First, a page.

Or, as lead singer/lyricist Kasey Heisler of A Very Special Episode puts it on “Fuck Everything,” a track off Fix Your Hearts Or Die, the band’s debut full-length release: “I’m here but I feel like I’m losing me” and it’s not an isolated sentiment, because the notion of identities being up for grabs, potentially transformed and power relations along with them, pops up again and again in Kasey’s lyrics—like on “Cowboy” where she rebukes the song’s titular cowboy in such terms (“you know you had my going / tell me exactly who I am / to keep yourself from knowing”) or on “Weather the Storm” which evokes volatile weather systems as a parable for weathering change (like H.G. Wells said "adapt or perish" or in other words "fix your hearts or die") or on “Fire Walk With Me,” a mood piece that samples dialogue from the film of the same name in which Laura Palmer routines transforms from “goody two shoes Laura" to “very naughty girl Laura" when the sun goes down ("night time is my time") while suffering at the hands of evil, powerful men on both sides of the spectrum.

Related to this theme, it’s perhaps worth noting how by day Ms. Heisle works as an elementary school teacher—and how even outside of the classroom she often wears the wide-open yet indecipherable smile of the grade school teacher that says “no matter what kind of severe behavior problems you happen to have I’m still going to whether the storm”—but come evening, once onstage, and who knows maybe in the teachers’ lounge as well, she transforms into an alternately snarling/smiling rock ’n’ rolling bass-playing demon, a pixieish Gene Simmons with severe bangs but minus the compulsion to bang all her groupies. (to my knowledge, that is, not really my business anyway!)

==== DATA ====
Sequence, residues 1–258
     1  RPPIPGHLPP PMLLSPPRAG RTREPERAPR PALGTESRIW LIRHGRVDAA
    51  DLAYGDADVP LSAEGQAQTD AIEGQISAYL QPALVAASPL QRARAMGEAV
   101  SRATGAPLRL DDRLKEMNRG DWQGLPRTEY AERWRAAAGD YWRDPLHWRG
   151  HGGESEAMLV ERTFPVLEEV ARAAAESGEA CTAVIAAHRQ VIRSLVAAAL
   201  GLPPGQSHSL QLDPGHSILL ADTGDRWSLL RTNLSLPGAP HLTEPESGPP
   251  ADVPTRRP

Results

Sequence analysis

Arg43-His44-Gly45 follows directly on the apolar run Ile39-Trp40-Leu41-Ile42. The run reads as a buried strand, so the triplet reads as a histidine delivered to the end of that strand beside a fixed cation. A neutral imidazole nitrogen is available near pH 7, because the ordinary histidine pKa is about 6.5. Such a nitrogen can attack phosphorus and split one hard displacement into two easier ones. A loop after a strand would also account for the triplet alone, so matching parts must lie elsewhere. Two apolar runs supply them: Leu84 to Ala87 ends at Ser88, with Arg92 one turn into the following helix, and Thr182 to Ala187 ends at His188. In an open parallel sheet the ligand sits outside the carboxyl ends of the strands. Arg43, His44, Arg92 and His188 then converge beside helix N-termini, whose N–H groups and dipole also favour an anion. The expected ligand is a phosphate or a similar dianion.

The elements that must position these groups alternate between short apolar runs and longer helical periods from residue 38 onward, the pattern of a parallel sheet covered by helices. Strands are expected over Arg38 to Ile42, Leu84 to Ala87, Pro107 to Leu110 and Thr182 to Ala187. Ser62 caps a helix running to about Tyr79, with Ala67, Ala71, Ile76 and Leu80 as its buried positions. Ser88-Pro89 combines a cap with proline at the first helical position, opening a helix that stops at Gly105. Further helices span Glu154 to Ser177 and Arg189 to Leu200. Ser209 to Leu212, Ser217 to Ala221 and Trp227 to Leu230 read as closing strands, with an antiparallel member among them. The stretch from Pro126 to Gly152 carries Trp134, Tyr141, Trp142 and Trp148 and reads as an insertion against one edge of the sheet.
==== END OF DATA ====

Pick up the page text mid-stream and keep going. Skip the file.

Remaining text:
Lyrics aside, it’s in the music where AVSE really drives home the theme of transformation, for rarely does a band captures volatility/mutability so potently in sound with guitarist Patrick Porter in particular having perfected a pedal-heavy playing style that makes you feel like you’ve entered the eye of a hurricane and been sucked into its vortex and passed into another dimension, assisted by Chayse Schutter’s powerful, nuanced drumming and Kasey’s dynamic bass-ing. 

And while loud-quiet-loud dynamics aren’t exactly a new thing, what sets Mr. Porter’s playing apart from many of his post-Pixies indie guitar brethren is that instead of changing from quiet to loud and back again on a dime, he’s got this thing of gradually morphing and warping the sound from one stage to another like a molting insect in a way that feels organic and highly visceral—who knew there were so many shades of white noise, ranging from etherial to abrasive?—for one example check out “Introspectre” with it’s oozing, mewling, turned-inside-out flanging musical timbres to hear what I’m getting at here, not to mention the vocal echo effect that sounds like someone left their vinyl copy of Fix Your Hearts Or Die out in the sun for too long.

For another example, go no further than album-opener “DFP” (down for pack-hunting?) which could and should serve as the soundtrack to a horror-movie werewolf transformation sequence. From the opening moments of the track the sense of tension is gradually ratcheted up bit by bit (“consume my brain and make it spin / don’t recognize the place you’re in […] there’s a sound that’s humming inside / a feeling that something’s not right”) until finally after several minutes the full on full moon lycanthropic metamorphosis takes place (from about 3:13 to 4:03 to my ears) after which a sudden state of calm descends and it sounds like the song may be over (AVSE are pros at the fake-ending fakeout) before a concluding coda that sounds like a wolf baying triumphantly at the moon. (Jason Lee)

   

A Very Special Episode go for a "Night Drive"